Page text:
January 29, 2009 at 8:49 pm

5 Responses

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  1. There’s nothing worse than when someone “corrects” what you wrote by replacing your generic use of “he” with “she” because “he” is somehow sexist, whereas “she” is not. This happened to me once in college, and I spoke to the professor after class to inform her I’d be using “he” because it was perfectly acceptable and didn’t brand me a male chauvinistic pig. (There’s plenty of other evidence of that.)

    The “he/she” construction is annoying to speak and just as annoying to hear spoken. And the “he and she” is just as bad.

    People need to chill out when it comes to language. One of these days, I’m going to write a post about how ridiculous we are (especially Americans) when it comes to profanity. Death, dismemberment, and other general mayhem are fine for a PG-13 movie, but if someone utters the “F” word more than once, it gets an R rating. Asinine.

    Brian O'Rourke

    January 29, 2009 at 11:00 pm

    • I’m with you, Brian. The only thing worse than “he or she” is “s/he.” How the crap are we supposed to pronounce that?

      And I do find it funny how some people view using “he” as sexist and instead use “she” exclusively. Um … ?

      Politically correct speak is certainly on my list of future posts for a number of reasons. But you’ll have to wait for the post to find out what they are. (Wait … you probably have already heard my tirade a number of times.)

      -Nate

      Nathanael Green

      January 30, 2009 at 2:47 pm

  2. Nate,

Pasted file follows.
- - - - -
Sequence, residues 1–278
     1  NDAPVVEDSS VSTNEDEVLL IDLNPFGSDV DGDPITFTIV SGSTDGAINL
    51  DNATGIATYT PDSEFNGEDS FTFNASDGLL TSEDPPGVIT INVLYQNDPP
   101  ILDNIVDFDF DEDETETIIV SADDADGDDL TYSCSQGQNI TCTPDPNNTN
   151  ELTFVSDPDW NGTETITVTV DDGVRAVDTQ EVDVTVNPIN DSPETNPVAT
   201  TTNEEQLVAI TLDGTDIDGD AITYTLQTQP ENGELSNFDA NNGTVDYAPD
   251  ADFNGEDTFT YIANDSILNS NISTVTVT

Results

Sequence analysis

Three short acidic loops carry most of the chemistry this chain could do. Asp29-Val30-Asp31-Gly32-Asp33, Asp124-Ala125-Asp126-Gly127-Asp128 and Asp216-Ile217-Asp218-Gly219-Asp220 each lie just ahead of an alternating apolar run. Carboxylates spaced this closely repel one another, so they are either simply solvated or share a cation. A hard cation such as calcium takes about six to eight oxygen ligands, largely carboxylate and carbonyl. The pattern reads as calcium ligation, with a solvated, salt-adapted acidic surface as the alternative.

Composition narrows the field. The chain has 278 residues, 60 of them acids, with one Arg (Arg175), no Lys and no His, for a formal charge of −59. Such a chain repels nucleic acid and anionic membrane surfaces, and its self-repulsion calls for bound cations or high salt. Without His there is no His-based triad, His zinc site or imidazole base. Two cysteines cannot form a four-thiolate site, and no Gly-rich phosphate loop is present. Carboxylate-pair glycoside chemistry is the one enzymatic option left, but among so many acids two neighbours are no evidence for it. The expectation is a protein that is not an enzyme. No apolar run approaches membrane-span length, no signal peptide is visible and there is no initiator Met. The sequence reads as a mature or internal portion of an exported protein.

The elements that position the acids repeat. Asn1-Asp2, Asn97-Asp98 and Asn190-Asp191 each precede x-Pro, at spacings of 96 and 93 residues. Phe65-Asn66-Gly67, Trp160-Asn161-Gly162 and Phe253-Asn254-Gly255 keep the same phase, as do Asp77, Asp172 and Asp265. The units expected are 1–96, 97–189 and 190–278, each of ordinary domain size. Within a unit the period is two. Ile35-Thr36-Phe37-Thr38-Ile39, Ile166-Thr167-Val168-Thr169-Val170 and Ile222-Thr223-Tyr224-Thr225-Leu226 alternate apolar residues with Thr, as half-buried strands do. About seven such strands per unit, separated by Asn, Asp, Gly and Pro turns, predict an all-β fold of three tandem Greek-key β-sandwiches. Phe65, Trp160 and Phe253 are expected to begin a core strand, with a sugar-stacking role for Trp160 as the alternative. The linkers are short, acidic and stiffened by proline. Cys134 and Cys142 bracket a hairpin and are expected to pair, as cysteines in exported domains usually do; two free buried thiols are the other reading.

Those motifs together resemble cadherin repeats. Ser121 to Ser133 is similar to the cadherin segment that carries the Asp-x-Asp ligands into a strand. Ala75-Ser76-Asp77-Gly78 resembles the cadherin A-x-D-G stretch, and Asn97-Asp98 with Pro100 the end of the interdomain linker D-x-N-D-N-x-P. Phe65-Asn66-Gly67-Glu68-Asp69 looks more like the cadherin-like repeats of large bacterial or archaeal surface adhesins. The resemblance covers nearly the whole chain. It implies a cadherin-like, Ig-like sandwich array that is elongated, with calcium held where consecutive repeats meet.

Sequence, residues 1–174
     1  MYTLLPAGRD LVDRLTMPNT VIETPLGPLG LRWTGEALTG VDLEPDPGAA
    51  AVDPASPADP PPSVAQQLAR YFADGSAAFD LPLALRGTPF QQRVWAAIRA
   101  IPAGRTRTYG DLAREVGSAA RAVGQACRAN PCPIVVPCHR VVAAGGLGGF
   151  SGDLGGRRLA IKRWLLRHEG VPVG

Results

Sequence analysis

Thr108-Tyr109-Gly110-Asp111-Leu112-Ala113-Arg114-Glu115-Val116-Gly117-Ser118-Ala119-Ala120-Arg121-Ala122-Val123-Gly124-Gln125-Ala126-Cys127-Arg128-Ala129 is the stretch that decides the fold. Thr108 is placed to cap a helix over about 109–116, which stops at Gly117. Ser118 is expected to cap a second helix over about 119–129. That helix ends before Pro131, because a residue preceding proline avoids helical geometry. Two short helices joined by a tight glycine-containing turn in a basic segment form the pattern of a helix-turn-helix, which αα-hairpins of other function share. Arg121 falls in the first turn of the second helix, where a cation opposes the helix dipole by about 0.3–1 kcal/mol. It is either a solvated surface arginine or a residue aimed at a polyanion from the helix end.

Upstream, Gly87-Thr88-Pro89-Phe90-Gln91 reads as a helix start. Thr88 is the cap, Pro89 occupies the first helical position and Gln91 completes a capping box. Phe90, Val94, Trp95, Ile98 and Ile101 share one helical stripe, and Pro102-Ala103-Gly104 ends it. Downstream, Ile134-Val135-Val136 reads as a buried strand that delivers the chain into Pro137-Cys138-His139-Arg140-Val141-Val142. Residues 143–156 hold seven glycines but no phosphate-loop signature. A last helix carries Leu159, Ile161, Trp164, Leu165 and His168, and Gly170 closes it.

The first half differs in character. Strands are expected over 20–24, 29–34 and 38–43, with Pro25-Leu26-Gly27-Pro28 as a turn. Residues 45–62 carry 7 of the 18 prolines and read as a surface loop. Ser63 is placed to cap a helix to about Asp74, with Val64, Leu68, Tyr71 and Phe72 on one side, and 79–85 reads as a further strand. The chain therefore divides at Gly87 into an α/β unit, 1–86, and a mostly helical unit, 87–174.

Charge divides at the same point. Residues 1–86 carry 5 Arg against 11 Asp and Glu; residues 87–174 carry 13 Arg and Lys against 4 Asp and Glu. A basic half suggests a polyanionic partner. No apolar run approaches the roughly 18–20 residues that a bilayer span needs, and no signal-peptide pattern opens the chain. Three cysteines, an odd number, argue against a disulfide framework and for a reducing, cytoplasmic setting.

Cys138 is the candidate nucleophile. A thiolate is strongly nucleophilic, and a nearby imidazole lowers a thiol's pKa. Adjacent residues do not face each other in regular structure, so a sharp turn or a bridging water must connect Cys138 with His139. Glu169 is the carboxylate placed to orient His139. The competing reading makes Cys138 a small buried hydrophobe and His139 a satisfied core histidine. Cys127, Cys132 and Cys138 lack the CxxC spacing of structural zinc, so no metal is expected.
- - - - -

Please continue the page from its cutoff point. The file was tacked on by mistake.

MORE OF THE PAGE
I’m sure I’ve heard your pc rants before, but the rest of the world needs to as well.

    B

    Brian O'Rourke

    January 30, 2009 at 7:16 pm

  3. Hey Nate,

    Thanks for the entertaining post. I like they as well, but unfortunately no option in English is quite perfect. Varying he and she as you suggested, does have a lot of merit, but like the clunky he or she it tends to be ostentatious even though the writer is trying to bury the issue. (When you’re reading about a sexless “teacher,” for instance, you’re not going to gloss over any sudden gender qualifications without interpreting them at least briefly.)

    English (or should I say a few hopeless crusaders) had a brief stint with the neutral 3P pronoun thon. It was a nice try, but not even the most influential linguist can modify our language’s rigid set of grammatical words. Besides, “Thon likes thonself” is just too socially awkward to fit in.

    Here’s the Wikipedia link to the Thon article.
    http://en.wikipedia.org/wiki/Thon_/pronoun/

    Kevin Dickinson

    October 29, 2009 at 10:14 pm

    • Kevin,

      Thanks for the link.

      I remember a push for gender-neutral pronoun a little while back, and it seems to go in cycles. Sometimes people get their panties in a bunch about it, and you get thon or hir for a little while, but it’s so artificial that it never really takes hold.

      Even the more natural, British one doesn’t seem to want to take hold in America, though even that has its limitations.

      Nathanael Green

      November 1, 2009 at 9:58 pm